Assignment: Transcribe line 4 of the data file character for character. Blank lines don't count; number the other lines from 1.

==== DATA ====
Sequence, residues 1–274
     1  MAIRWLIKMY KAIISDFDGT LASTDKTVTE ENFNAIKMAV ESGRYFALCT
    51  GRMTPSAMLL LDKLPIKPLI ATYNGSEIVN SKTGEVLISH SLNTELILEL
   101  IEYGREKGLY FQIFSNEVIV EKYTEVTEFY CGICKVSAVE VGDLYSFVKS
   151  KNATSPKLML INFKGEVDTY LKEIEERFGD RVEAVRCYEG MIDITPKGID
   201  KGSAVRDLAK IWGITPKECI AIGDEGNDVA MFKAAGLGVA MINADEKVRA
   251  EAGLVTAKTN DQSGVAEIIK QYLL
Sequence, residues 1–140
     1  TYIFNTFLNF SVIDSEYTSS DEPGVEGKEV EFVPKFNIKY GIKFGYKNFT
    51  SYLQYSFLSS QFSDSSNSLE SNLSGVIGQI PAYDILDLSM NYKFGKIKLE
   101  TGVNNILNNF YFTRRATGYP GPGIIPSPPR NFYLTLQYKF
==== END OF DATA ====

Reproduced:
   101  IEYGREKGLY FQIFSNEVIV EKYTEVTEFY CGICKVSAVE VGDLYSFVKS